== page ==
Lambanis are also known as Banjaras. They belong to a tribal group with nomadic heritage who migrated from Marwar and resided in southern and middle India. The women of this community hold loyalty to their traditional form of costume, which is the most colourful and elaborate of any tribal group in India. Lambani and Kutch embroidery look similar because of their mirror work, but shells and coins used for Lambani work are different in style. This practice of hand embroidery and mirror work is mainly used on the traditional dresses that are given to their daughters for their weddings. These conventional clothes reflect their love of life that evolved across the centuries to suit the social conditions and local climate.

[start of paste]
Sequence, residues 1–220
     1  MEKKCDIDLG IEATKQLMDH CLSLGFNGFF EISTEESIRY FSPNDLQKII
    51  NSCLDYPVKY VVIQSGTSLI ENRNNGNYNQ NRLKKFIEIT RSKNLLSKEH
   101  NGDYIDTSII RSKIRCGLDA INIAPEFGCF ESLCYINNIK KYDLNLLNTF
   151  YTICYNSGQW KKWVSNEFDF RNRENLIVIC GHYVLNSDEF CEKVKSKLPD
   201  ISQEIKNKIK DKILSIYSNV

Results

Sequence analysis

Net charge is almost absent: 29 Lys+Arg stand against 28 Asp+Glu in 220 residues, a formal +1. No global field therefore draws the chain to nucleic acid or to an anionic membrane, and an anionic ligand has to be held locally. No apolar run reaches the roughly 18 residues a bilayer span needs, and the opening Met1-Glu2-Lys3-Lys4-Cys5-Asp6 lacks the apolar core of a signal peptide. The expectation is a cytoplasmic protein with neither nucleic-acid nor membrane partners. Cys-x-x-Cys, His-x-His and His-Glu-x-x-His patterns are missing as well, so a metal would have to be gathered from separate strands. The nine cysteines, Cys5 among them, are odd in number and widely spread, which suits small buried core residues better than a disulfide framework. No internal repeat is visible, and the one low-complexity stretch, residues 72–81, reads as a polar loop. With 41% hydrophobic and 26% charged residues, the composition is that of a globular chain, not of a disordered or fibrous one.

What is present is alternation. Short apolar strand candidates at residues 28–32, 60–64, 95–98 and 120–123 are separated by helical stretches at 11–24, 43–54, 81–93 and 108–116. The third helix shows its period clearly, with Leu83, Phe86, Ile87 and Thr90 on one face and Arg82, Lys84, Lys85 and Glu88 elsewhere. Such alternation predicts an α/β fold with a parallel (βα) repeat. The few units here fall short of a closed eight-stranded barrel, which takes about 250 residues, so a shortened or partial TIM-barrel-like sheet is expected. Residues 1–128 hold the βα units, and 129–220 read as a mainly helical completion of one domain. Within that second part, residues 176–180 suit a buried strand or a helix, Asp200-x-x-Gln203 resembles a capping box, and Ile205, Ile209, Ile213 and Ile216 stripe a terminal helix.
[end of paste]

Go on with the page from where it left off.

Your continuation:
Lambani embroidery combines mirror work, cross-stitch, overlaid, and quilting stitches with the borders of applique patchwork. Initially, a base cloth of the desired colour is chosen. Usually, the dark blue or red-coloured fabric is used as a base fabric. Mirror or coins are stitched to the base cloth by using the regular needle and thread, and the decorative patterns of embroidery are made. The applique works are attached afterward as the embellishments. These are done in a typical applique technique. Small pieces of fabric are cut into triangles and squares, which are later stitched to the base cloth. The borders of the fabric are turned in neatly and stitched. These applique triangles are usually stitched as borders to create a charming pattern on the clothing. As the final procedure, the extras of the thread are cut off and set ready to be worn or gifted.
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